In our never-ending journey for some of us who are old dogs trying to learn new tricks, I realized that there are some things from a tech perspective I do utilize. I was sitting with friends last week, and I was going through a bag I carry around.
One of the guys I was with said that I needed a toolbox as I searched for my wallet, brought out a camera, a tripod, three bundled up cords going to my computer, an iShuffle, a Blackberry, two reporters notebooks and a small recorder from my bag.
This isn’t unusual, but dude was wrong about one thing and that is I already have a toolbox.
Organization is nearly impossible, but I’m attempting to work on it. The issue is that I’m now compiling what I need as my online box of tricks.
My biggest challenge with online endeavors is not my toolbox, because I use most of the things I listed everyday for my day job (which, usually gets very busy this time of year and where I need everything that I listed. The iShuffle is the equivalent of a high-powered narcotic when I want to check out for a little while.)
My biggest challenges still lie with the things that Scott and I discussed as we began this blog in January. Although I’ve learned some things, there are always new issues that boggle my mind.
Let’s take the issue of those small things that become big obstacles in our minds. For me, every time I update my personal blog at Newscoma, I lose the option for mandatory comments. It’s a small thing, but it is something that I must learn to fix, but I haven’t mastered it. I can cover a fire or a car wreck with ease, but that little piece of code perplexes me. It’s something I end of relying on Scott’s vast knowledge for.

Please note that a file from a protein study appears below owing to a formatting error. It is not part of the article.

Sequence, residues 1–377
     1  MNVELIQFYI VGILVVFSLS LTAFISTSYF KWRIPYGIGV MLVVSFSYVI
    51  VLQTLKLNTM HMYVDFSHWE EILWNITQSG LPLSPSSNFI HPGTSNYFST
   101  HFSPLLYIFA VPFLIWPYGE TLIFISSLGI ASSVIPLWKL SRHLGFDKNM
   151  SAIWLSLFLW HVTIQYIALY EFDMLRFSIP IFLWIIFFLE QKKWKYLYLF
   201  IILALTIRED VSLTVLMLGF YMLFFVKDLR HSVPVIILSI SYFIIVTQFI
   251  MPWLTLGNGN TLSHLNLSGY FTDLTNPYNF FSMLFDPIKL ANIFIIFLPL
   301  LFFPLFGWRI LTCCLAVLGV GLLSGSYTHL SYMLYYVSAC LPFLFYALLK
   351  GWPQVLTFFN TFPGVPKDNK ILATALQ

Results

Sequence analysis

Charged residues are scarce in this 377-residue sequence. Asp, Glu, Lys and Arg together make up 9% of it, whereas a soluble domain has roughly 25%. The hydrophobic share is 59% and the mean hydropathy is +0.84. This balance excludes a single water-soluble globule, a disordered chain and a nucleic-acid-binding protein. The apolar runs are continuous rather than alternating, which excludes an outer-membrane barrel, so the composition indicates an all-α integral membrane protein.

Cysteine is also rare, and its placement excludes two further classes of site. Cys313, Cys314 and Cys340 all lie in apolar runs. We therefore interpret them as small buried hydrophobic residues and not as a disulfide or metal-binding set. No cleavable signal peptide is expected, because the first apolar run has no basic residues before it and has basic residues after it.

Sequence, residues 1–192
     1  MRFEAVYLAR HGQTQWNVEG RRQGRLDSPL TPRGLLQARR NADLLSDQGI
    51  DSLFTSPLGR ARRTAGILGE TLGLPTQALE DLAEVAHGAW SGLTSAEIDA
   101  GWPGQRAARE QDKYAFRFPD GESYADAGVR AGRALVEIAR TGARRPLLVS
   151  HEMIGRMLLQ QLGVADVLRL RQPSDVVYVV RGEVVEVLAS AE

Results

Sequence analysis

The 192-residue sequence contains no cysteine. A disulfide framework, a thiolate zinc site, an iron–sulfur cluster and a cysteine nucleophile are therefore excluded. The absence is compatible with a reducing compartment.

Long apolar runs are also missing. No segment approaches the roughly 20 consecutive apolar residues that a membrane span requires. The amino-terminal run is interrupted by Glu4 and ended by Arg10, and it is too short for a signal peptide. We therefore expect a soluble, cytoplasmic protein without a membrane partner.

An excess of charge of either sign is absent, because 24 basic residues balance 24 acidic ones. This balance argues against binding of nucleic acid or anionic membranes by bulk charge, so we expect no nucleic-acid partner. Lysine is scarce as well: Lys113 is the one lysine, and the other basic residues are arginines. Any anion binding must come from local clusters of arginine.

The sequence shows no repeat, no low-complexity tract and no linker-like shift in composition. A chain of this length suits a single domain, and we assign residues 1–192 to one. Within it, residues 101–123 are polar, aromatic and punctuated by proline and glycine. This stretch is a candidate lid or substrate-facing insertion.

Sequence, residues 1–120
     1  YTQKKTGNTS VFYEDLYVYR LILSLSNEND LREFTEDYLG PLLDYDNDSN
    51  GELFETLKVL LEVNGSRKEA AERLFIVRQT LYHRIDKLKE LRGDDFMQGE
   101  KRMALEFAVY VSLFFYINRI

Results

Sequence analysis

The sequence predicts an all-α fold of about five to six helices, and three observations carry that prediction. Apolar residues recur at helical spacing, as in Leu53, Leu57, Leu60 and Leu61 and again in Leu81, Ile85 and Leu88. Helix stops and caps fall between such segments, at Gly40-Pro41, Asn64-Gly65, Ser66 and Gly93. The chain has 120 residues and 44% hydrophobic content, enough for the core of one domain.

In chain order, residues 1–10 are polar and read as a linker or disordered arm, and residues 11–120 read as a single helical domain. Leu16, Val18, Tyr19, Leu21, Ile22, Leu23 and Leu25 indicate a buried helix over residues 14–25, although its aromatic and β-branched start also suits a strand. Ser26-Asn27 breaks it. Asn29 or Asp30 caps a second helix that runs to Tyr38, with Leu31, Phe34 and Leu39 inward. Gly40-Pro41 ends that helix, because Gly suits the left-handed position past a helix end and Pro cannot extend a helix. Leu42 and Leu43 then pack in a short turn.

And, as this is a 101 blog, those are things for novices that can create complete frustration. One small piece of information that does not come natural.
My suggestion is that you think about what is already in your tool box and that you are comfortable with. And, then systematically looking at those little things that frustrate you in your online life that you know you need to learn. Don’t be afraid to ask questions. Be up front with what you know and what you don’t know.
And then challenge yourself to learn it.
Now: next learning curve for me is to learn how to operate this brand new, confounded Blackberry Storm. Apparently it also slices, dices and can teach me how to dance the samba, but I haven’t figure that one out either.
The best word of advice is what I give to myself: Don’t be afraid to screw something up as that is how you will learn to do it next time. Scott has to remind me this constantly.
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